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Nanai Shamanic Culture in Indigenous Discourse

by Tatiana Bulgakova
Publisher: BoD – Books on Demand
Release Date: 2013-08-12
Genre: Social Science
Pages: 264 pages
ISBN 13: 3942883147
ISBN 10: 9783942883146
Format: PDF, ePUB, MOBI, Audiobooks, Kindle

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Synopsis : Nanai Shamanic Culture in Indigenous Discourse written by Tatiana Bulgakova, published by BoD – Books on Demand which was released on 2013-08-12. Download Nanai Shamanic Culture in Indigenous Discourse Books now! Available in PDF, EPUB, Mobi Format. This book on Nanai shamanic culture is based on first-hand information provided by shamans and recorded in the years between 1980 and 2012, a time of rapid socio-cultural change in Russia. -- This book on Nanai shamanic culture is based on first-hand information provided by shamans and recorded in the years between 1980 and 2012, a time of rapid socio-cultural change in Russia. It sheds light on the lively indigenous discourse in which social factors such as the splitting of society into different paternal lineages relates to spiritual troubles that Nanai people experience as collective ‘shamanic disease.’ But inter-clan confrontations are not only mediated in shamanic rituals, as these must not be separated from folk narratives, dances and other forms of art. Furthermore, the book provides profound insights into the plurality of contradictory discourses on indigenous knowledge as well as those delivered in non-indigenous contexts. The latter arose or became more intense in the Soviet and post-Soviet periods, and often led to experiments in new shamanic practices.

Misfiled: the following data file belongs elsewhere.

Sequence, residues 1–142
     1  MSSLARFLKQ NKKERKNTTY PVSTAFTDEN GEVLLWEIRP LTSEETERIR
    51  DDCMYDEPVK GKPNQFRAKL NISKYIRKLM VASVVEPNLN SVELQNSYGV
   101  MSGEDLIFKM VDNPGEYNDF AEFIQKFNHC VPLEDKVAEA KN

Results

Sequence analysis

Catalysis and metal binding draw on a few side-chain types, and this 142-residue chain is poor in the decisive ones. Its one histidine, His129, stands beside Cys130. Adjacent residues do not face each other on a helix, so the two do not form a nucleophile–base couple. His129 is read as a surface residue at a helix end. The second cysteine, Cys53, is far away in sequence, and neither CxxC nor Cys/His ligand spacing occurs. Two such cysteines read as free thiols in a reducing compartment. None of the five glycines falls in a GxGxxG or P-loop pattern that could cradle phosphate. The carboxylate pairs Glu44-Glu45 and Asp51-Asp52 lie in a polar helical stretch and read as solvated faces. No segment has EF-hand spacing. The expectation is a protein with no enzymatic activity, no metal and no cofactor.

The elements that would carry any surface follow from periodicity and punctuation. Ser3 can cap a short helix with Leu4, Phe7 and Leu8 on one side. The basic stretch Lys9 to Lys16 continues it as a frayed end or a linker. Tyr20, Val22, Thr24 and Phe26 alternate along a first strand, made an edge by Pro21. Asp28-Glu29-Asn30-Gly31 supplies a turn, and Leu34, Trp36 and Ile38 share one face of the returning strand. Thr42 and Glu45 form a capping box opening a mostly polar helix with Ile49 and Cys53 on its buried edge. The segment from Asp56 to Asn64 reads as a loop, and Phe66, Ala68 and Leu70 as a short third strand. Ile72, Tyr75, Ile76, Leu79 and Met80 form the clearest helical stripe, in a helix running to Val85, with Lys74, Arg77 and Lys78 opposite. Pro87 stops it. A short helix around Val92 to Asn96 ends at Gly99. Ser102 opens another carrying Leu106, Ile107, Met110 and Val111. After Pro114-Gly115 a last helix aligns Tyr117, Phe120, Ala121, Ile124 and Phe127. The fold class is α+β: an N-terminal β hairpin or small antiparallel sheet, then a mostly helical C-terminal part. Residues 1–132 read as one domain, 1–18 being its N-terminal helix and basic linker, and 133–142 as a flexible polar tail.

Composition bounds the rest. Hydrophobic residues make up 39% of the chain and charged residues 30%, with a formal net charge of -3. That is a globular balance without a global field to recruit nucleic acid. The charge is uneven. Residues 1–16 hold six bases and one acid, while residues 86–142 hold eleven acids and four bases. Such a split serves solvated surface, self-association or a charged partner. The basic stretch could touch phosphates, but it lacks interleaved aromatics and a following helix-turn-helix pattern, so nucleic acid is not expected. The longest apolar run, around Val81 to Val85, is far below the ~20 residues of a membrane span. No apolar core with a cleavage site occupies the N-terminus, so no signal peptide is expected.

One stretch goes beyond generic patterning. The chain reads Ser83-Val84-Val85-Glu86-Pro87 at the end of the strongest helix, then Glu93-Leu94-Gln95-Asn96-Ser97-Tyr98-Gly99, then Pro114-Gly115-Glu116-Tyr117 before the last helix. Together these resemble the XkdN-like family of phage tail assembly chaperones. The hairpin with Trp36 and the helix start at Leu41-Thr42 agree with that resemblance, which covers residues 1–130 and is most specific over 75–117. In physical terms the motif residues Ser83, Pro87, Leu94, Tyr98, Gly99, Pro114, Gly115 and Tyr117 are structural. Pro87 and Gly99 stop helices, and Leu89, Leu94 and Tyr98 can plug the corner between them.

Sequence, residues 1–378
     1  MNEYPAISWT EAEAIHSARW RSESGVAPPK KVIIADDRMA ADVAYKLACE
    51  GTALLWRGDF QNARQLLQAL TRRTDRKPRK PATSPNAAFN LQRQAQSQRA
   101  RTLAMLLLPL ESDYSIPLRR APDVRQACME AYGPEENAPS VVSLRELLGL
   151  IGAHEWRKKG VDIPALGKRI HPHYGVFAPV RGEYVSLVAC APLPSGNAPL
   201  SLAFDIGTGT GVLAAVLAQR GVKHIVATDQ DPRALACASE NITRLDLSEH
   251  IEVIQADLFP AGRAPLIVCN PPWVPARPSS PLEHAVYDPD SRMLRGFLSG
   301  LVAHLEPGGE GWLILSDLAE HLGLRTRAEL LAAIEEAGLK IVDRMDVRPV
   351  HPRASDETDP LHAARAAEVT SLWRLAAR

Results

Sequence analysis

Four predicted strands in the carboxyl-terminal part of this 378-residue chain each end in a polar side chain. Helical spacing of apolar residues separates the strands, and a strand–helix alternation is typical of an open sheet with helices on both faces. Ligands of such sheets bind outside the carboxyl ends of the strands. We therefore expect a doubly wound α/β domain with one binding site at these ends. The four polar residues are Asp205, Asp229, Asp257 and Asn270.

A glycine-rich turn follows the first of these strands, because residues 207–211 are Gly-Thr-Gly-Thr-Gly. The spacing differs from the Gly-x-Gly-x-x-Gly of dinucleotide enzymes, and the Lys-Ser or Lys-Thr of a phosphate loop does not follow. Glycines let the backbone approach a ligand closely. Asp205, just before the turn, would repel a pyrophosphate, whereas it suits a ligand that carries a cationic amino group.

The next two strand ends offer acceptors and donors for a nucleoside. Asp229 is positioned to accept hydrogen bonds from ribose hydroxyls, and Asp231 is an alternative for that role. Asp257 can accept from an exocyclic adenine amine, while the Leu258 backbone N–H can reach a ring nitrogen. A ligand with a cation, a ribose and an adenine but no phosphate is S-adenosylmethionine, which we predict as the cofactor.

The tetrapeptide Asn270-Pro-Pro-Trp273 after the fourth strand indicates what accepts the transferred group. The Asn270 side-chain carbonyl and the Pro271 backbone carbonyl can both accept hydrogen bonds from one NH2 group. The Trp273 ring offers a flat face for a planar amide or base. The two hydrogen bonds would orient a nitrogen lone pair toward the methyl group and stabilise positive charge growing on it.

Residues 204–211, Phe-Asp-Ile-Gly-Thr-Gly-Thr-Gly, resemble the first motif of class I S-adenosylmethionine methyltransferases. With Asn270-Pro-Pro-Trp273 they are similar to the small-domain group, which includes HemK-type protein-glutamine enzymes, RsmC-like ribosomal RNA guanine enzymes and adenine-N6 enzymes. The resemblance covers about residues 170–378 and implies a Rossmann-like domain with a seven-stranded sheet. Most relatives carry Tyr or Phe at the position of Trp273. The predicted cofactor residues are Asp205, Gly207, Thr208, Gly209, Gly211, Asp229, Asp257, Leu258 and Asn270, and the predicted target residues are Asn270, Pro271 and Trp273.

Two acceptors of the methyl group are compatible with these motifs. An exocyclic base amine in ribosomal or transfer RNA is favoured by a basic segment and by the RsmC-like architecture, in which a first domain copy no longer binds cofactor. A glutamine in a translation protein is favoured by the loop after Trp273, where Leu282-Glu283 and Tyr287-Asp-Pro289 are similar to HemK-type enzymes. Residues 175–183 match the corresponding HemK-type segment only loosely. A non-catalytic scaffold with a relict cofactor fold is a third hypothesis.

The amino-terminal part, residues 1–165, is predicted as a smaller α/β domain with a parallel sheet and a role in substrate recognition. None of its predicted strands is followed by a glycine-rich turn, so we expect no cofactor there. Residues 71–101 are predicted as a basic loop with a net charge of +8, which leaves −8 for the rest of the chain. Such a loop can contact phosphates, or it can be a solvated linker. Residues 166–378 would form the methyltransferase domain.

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This book on Nanai shamanic culture is based on first-hand information provided by shamans and recorded in the years between 1980 and 2012, a time of rapid socio-cultural change in Russia. It sheds light on the lively indigenous discourse in which social factors such as the splitting of society into different paternal lineages relates to spiritual troubles that Nanai people experience as collective ‘shamanic disease.’ But inter-clan confrontations are not only mediated in shamanic rituals, as these must not be separated from folk narratives, dances and other forms of art. Furthermore, the book provides profound insights into the plurality of contradictory discourses on indigenous knowledge as well as those delivered in non-indigenous contexts. The latter arose or became more intense in the Soviet and post-Soviet periods, and often led to experiments in new shamanic practices.
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